JEFFERSON CITY, Mo. -- As a Democratic candidate for governor, Jay Nixon pledged to expand Medicaid coverage as his "first order of businesses."
During his first year as governor, he failed to persuade the Republican-led Legislature to pass a relatively moderate Medicaid expansion.
Now up for re-election, Nixon is refusing to take a position on whether Missouri should embrace a comparatively larger Medicaid expansion called for under President Barack Obama's health care law.
Does Nixon no longer believe in expanding Medicaid health coverage? Or have political realities tempered his rhetoric?
The answer may rest in the latter.
Nixon appears to have become more measured, less apt to make off-the-cuff remarks and less likely to take ambitious or controversial positions the longer he has served as governor.
"He's savvy," said George Connor, head of the political science department at Missouri State University. "He's very strategic in his decision-making."
When Nixon was running for governor, the 2005 Medicaid cuts of then-Republican Gov. Matt Blunt were still fresh in mind. About 100,000 low-income adults had been dropped from Missouri's Medicaid rolls and benefits had been pared back for about 300,000 others.
Nixon held news conferences across the state in July 2008, declaring: "Missouri's health care system is broken." He pledged to restore health care to those who lost it. Specifically, Nixon said Missouri could draw down $431 million from the federal government by spending an additional $265 million of state money to expand Medicaid coverage to 109,811 people and restore benefits to an additional 280,000.
"Missouri simply cannot afford to leave those federal dollars on the table," Nixon's 2008 platform book stated.
Nixon could make the same argument about Obama's health care law, which offers states an even better federal matching rate if they raise Medicaid eligibility for working-age adults to 133 percent of the federal poverty level. But Nixon so far has not done so.
The federal government would pay 100 percent of the cost for the Medicaid expansion beginning in 2014. In 2017, states would have to pick up 5 percent of the tab -- a share that would increase annually until topping out at 10 percent. In 2019, the latest year for which Missouri has released projections, the state would pay more than $150 million while getting $2 billion from the federal government for a Medicaid expansion covering 255,000 adults.
After the U.S. Supreme Court ruled that states could not be penalized with the loss of their existing federal Medicaid dollars for refusing to go along with Obama's Medicaid expansion, Missouri's Republican legislative leaders were quick to say that they would reject it. They cited concerns about whether Missouri could afford its share of the cost. Some Republicans also expressed reservations about expanding social welfare programs. By contrast, some Democrats said it would be foolish for Missouri to turn away such a lucrative offer of federal cash that could improve the health care of so many people.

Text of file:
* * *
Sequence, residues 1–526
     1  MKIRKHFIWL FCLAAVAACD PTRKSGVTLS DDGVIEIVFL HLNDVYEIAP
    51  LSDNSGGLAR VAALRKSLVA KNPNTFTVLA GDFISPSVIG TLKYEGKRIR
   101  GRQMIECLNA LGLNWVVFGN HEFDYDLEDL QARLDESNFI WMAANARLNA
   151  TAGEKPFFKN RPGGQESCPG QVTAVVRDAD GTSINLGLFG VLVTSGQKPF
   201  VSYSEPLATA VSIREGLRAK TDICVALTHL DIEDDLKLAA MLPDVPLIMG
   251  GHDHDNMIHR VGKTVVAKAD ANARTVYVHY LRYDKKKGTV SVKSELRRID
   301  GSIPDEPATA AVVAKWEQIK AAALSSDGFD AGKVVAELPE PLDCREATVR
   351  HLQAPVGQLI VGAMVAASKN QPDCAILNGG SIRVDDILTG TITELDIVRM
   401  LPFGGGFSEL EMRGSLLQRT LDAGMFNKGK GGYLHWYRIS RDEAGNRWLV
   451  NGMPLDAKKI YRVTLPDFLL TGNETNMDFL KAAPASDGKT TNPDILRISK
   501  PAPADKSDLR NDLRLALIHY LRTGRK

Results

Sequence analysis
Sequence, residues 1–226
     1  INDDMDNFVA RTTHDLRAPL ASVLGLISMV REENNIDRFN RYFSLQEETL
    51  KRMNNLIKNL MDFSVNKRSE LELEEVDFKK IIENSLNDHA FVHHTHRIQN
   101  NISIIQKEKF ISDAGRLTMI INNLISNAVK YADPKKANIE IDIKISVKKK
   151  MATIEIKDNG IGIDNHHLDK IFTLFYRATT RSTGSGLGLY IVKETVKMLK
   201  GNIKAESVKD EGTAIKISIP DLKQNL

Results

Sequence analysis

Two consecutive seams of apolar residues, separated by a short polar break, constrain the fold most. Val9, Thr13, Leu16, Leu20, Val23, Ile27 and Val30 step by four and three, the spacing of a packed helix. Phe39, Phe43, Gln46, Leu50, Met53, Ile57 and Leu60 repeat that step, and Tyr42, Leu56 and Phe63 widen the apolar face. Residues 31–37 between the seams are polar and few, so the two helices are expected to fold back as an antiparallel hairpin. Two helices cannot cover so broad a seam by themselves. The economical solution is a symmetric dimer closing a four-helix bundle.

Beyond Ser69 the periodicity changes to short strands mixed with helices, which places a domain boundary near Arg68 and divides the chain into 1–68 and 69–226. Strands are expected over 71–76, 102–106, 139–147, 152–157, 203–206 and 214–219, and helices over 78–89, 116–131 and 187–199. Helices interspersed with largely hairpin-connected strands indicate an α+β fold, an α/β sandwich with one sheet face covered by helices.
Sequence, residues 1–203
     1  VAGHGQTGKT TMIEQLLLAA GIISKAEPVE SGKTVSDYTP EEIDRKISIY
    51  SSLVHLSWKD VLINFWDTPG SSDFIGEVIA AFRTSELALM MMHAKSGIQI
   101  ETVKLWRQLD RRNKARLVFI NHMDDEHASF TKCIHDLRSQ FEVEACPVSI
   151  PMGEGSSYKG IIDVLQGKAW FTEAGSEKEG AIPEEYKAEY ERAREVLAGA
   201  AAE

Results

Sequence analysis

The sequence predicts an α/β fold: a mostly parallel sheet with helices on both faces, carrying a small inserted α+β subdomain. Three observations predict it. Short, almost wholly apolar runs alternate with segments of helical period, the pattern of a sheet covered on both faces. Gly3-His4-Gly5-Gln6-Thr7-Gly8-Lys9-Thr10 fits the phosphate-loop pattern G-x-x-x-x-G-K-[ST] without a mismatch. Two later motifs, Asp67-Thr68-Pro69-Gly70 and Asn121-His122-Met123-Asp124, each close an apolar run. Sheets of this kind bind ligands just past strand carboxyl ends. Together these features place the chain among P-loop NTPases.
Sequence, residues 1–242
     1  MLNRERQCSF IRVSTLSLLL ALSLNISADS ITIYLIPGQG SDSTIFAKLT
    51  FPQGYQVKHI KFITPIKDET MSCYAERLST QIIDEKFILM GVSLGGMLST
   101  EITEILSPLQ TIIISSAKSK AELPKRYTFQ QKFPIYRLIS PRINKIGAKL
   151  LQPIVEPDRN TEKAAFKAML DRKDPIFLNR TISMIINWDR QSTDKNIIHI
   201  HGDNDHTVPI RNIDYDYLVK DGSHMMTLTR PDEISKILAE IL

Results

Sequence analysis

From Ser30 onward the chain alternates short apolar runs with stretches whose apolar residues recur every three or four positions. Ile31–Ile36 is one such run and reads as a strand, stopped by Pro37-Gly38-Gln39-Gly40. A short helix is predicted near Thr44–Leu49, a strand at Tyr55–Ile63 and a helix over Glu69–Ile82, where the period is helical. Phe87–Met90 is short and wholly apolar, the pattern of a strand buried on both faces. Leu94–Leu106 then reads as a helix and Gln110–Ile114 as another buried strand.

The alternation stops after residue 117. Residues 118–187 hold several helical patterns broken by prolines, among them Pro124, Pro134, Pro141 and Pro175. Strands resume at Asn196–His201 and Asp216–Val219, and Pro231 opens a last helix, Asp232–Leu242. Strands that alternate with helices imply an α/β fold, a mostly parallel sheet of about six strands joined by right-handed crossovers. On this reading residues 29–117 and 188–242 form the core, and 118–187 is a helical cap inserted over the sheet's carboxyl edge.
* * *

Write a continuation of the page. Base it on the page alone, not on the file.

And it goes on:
Nixon said virtually nothing.
During a Capitol news conference this past week, Nixon went to great lengths to avoid saying "yes" or "no" to repeated questions about whether he supports the Medicaid expansion. Instead, Nixon said five times during five minutes that he would work for "the best fit for our state."
Nixon vowed to work with "legislators," "folks," "stakeholders," "hospitals," "others" and "everyone around the table." He said he wants "the best health of the folks of our state," to use "taxpayer dollars efficiently and effectively" and to "keep the sovereignty of the state."
"It's really easy to just say ‘yes' and ‘no' and to start this kind of banter back and forth that Washington has become so famous for," Nixon said. "Quite frankly, I'm not going to do that. I'm going to work with folks. Whatever gets done is going to require all of us coming together."
That kind of response has come to define Nixon's term as governor. As a Democratic chief executive working with historically large Republican legislative majorities, Nixon cannot practically -- nor politically -- undertake too many initiatives for which he does not have Republican support. In fact, there are times when Nixon sounds more Republican than some actual Republicans. He touts cutting more than $1.8 billion of spending and 4,000 state employee positions since taking office in January 2009. And while Democrats in some states sought new taxes to balance their budgets during the recession, Nixon joined Missouri Republicans in taking a firm anti-tax stance. Just this past week, he vetoed a bill passed by the Legislature with bipartisan support because he said it would authorize a new tax without a vote of the people.
In a mere four years since Nixon last ran for office, Missouri has become more ideologically conservative, and "Governor Nixon has been pretty good at riding that wave," Connor said. He added: "That moderation is as much calculated as it is ideological."